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Securing a Small or Mid-Sized Business

Small and mid-sized business (SMBs) are unique in their security needs.  They have received very little attention from the security industry by anything more than a drive by hardware or software salesman.  Their uniqueness doesn’t come from any special security situation, but from size and resource availability.

Most security standards, frameworks, and guidance are focused on large businesses, governments, and financial institutions where resources are more abundant and attacks have been prevalent for decades.  SMBs have only started seeing attacks in the last several years.  They are having to catch up to the big guys very quickly.  However, they are also under much tighter resource constraints.  That doesn’t mean we can’t use these standards, frameworks, and guidance.  However, it does mean that we need to adapt them to meet the needs of that different environment.

With both people and money, SMBs cannot afford to throw seemingly unlimited resources at the problem.  Because of this, we must work to implement industry standards and best practices in a cost-effective and unobtrusive manner.  Good news, though, it can be done!  The following four areas are key to a successful security foundation in an SMB:

1.  Planning

Planning is key to any implementation.  A company security plan sets the tone for the secure operation across the company.  It prescribes a level playing field for all users and demonstrates to clients, partners, and other stakeholders that your company takes the security of its information and computing resources seriously.  In planning for incidents and disasters, it also defines processes to be followed in hectic and stressful times that guide your team through the difficult events quicker and with greater chance of success.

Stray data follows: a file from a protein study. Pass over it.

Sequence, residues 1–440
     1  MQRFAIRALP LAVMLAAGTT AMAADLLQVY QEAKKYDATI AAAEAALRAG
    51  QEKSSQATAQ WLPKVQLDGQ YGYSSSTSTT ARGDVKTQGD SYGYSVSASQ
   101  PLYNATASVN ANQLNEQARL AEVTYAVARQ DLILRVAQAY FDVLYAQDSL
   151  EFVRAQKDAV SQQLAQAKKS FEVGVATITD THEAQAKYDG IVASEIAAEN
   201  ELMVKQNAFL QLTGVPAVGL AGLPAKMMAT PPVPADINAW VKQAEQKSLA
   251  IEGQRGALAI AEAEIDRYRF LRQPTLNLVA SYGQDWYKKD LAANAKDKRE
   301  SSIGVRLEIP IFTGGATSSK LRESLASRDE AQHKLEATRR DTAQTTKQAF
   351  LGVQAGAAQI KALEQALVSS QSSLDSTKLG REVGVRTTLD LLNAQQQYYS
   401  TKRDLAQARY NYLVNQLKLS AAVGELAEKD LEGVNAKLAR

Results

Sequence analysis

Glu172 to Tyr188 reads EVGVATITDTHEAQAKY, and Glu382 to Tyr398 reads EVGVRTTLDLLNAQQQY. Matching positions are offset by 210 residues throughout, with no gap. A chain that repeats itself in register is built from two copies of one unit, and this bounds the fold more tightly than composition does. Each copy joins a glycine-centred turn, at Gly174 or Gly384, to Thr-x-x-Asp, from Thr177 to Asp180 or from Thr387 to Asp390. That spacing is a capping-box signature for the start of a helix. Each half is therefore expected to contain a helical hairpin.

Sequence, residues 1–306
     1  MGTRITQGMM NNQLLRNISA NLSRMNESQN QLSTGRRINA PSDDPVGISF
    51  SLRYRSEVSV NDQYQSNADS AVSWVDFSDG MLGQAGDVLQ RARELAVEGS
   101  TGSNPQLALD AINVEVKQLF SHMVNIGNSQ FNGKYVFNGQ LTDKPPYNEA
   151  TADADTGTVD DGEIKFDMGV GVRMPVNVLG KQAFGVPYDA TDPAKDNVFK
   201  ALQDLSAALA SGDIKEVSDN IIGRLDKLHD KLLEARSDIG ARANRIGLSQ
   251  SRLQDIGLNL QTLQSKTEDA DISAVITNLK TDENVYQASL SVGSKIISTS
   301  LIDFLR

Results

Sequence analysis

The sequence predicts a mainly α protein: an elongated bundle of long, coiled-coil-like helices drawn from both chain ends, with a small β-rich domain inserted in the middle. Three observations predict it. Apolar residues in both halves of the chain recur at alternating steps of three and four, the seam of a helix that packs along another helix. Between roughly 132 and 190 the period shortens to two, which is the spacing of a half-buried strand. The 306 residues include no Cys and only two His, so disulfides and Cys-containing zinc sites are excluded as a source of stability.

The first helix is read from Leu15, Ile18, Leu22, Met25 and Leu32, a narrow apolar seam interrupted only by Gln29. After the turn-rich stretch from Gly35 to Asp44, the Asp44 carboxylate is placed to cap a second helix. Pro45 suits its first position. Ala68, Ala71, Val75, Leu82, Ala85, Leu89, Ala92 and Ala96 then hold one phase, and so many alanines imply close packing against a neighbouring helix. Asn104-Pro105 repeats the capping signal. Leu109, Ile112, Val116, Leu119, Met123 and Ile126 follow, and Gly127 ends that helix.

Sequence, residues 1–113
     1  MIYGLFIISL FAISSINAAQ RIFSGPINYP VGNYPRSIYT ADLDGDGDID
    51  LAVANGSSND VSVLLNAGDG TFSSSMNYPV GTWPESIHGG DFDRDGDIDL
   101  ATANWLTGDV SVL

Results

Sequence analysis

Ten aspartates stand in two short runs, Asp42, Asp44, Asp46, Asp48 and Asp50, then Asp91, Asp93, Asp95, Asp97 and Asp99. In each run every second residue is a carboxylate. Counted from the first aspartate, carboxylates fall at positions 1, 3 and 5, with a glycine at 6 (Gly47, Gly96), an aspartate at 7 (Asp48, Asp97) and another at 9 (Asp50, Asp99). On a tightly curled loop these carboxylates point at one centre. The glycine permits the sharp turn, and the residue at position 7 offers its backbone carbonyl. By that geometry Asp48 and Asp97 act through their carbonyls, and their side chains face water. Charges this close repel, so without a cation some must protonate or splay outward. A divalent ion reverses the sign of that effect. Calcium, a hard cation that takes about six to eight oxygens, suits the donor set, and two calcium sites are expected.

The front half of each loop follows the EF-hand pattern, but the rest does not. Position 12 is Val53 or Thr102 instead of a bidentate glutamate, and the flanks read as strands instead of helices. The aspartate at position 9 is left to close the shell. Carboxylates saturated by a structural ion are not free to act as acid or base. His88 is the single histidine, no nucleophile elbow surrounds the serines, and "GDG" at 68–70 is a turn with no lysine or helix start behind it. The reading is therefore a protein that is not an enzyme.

2.  Secure Architecture

Much of the technical portion of cyber security can be accomplished through a secure architecture, including hardened baseline configurations for computer and network systems.  A few other key systems include a boundary firewall and anti-malware protection for each computer system.  While there are other types of security systems available, these are the only two I recommend across the board for all environments.  Other types of systems may be useful in unique situations, but not for everyone.

3.  User Awareness

Many modern cyber attacks targeting SMBs are actually targeting the users.  While some of these attacks will be caught by your anti-malware software, much of it will slip through.  This is where an educated and aware workforce can greatly bolster your defenses.  Through foundational training and periodic updates, people are much better than computers at spotting phishing, ransomware, and social engineering attempts.

4.  Vulnerability and Risk Management

To manage your risk you must know your risk.  Security is about risk management.  There isn’t a simple yes or no answer.  You are secure when the remaining risk is within your tolerance.  To know your risk, though, you must regularly assess your environment for risk.  Since security is a rapidly changing risk, a monthly or quarterly risk assessment is recommended.  This helps you decide how to manage that risk through reduction (using the prior three focus areas), transfer (using cyber liability insurance), or acceptance of that risk. Assessments are the key to management.  You must have current, high quality information to make good decisions.

If you see the need in your company but think you might need help with the implementation, feel free to call or email.